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‘Assassination Nation’ Ads Rejected by Facebook, YouTube

Assassination Nation,” a wicked riff on the Salem Witch Trials and our current social media culture, was always intended to be provocative. What Neon, the indie label that bought the film at Sundance, didn’t count on was that many of those same digital giants it skewers would find advertisements for “Assassination Nation” too hot to handle.

As the movie prepares for its debut on Friday, it is having trouble posting clips on Facebook and YouTube. And it’s not just new media. Billboards, one of the oldest forms of hawking products around, are also proving tough to come by.

To be fair, there’s good reason for the discomfort. Neon has definitely been leaning into the film’s more controversial elements. “Assassination Nation” follows four gun-toting high school girls who take up arms against an anonymous hacker who has leaked all of their hometown’s dirty secrets online. Their revenge is bloody.

“We knew that this film was a stick of dynamite,” said Christian Parkes, chief marketing officer at Neon. “We didn’t want to dress it up into something it isn’t. This isn’t a feel-good coming-of-age story. It’s an honest meditation on where we are as a culture.”

The headaches started almost immediately. Neon was unable to rent billboard space for a red teaser poster that contained the words “Ass Ass In Nation.”

“Every single out of home vendor in Los Angeles passed,” said Parkes. “They thought it was a political ad calling for violence or that it was just plain offensive because it had the word ‘ass’ in it.”

Neon had similar problems with its spots on Facebook, Instagram, and YouTube. The companies said trailers violated their terms of use because one featured a woman pulling her shirt up to reveal a bra. Another showed the girls in the film pointing weapons directly at the camera. Neon was told that it could show people in their underwear, it just couldn’t depict them taking off clothing to get into that state of undress. It was also informed that guns were alright, but they couldn’t be pointed directly at the screen. These kind of restrictions don’t apply to red band trailers — spots that require viewers to submit to age verification. However, those trailers can’t be posted widely on the internet, limiting their efficacy.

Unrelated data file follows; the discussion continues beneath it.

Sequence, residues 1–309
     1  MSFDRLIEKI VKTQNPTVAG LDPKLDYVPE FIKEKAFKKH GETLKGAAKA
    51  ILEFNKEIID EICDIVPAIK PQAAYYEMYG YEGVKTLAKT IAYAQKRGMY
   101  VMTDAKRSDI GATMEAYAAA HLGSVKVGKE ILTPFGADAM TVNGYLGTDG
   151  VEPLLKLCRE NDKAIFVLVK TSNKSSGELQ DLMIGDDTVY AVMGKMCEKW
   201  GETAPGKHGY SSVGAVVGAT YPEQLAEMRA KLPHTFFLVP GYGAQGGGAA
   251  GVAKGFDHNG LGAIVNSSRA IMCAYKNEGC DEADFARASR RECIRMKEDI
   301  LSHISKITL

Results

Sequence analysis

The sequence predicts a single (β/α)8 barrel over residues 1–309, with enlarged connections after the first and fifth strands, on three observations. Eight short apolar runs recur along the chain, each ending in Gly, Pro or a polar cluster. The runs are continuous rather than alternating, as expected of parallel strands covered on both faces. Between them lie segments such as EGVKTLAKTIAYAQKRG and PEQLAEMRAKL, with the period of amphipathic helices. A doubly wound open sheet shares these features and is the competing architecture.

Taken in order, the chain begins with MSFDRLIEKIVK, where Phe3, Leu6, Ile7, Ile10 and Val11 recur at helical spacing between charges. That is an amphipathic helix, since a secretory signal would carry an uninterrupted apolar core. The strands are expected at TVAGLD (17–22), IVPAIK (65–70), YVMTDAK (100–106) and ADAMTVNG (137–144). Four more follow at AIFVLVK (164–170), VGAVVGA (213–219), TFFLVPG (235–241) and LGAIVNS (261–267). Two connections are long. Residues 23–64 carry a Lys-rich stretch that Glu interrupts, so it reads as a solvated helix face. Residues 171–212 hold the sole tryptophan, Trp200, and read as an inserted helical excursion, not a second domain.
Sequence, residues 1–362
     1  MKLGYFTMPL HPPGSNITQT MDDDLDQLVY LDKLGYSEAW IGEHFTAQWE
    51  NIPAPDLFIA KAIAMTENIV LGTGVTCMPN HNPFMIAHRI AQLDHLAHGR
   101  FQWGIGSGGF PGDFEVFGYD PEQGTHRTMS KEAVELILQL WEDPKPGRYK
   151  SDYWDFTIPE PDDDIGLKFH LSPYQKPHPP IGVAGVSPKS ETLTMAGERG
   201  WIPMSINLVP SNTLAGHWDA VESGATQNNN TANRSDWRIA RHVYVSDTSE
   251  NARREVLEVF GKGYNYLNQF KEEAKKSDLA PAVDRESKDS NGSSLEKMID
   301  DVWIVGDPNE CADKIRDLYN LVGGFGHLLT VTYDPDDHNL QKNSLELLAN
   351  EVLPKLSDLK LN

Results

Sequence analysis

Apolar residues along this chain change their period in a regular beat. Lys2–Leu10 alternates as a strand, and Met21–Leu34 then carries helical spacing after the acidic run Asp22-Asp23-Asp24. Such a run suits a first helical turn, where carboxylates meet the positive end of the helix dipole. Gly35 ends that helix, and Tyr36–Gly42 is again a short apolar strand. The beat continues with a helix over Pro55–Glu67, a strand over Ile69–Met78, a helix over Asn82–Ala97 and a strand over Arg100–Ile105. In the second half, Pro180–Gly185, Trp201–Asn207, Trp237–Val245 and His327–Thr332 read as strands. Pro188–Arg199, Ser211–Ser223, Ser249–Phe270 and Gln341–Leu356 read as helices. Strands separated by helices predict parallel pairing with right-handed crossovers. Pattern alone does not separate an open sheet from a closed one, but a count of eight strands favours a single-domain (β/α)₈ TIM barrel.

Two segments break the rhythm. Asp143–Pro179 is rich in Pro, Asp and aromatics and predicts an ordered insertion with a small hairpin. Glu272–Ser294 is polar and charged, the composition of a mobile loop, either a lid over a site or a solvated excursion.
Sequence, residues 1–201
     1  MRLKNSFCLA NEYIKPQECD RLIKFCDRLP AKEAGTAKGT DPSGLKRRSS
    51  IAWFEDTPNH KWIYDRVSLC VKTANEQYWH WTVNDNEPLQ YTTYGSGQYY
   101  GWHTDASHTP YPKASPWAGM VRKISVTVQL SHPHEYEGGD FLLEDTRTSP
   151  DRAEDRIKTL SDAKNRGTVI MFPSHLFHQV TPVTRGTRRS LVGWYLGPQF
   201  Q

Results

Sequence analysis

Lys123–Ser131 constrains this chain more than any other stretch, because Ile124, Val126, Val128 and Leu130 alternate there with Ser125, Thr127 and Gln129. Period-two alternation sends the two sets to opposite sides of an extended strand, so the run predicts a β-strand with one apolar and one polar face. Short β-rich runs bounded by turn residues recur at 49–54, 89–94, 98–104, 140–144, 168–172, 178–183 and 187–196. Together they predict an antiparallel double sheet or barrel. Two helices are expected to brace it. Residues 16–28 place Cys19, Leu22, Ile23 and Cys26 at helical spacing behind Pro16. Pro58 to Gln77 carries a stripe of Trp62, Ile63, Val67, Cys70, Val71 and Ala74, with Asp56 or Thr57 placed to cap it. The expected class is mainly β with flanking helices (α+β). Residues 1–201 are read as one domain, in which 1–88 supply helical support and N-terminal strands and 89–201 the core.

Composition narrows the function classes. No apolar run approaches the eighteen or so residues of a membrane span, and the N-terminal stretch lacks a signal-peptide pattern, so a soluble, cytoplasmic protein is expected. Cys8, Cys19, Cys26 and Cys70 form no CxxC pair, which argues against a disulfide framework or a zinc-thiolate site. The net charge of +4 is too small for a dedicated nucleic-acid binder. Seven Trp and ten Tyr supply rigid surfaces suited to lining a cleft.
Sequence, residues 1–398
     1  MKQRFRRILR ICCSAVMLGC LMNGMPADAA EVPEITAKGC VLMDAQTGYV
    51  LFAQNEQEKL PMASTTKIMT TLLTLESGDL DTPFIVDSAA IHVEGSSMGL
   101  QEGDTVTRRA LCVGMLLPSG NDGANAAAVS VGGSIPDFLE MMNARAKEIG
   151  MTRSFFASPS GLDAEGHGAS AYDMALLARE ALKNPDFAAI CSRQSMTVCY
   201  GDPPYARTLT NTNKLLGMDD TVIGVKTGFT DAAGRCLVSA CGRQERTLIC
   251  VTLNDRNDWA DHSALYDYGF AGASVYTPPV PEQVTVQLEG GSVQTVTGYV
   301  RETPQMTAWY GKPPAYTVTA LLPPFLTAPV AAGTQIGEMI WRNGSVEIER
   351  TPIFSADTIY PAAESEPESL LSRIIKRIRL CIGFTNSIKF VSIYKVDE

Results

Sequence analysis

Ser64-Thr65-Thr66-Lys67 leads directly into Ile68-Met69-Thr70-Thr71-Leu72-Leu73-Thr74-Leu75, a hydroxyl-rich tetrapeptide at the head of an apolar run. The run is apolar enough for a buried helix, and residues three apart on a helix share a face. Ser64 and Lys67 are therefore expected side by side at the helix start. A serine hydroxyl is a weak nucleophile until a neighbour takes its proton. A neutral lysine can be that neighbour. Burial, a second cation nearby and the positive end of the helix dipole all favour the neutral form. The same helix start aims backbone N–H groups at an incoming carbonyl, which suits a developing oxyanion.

At a time when school shootings have become a horrifying reality and there has been increased awareness about sexual exploitation and assault, it is understandable that media companies might feel pressure to restrict content. Neon believes that “Assassination Nation” is trying to shine a light on these types of issues, not revel in them.

“We’re not depicting a sanitized world,” said Parkes. “We’re making a movie about strong young women. People feel threatened because it is honest.”

Parkes argues that the restrictions has forced the company to be more creative. It has partnered with such apparel brands as Dolls Kill and Pleasures on shirts and clothing inspired by the film. One t-shirt, for instance, has an image of star Maude Apatow being led away in handcuffs under the logo “America.” But the reach of these kind of promotions is limited.

Neon has faced fewer obstacles on Tumblr and Giphy, but the hurdles it has had to navigate on the most popular social media platforms have threatened the film’s release. “Assassination Nation” is primarily aimed at audiences under the age of 25, and they aren’t watching a lot of television. In order to reach them, the studio needs to do most of its marketing online. The film is currently on track to open to $4 million when it debuts on 1,500 screens. That’s not exactly a sizzling debut, and analysts say there are reasons these types of movies are hard to release.

“There’s people out there who like these ‘Heathers’-type of films, but they tend to be more popular on home entertainment platforms,” said Jeff Bock, an analyst with Exhibitor Relations. “They’re more likely to be cult favorites than big box office hits.”

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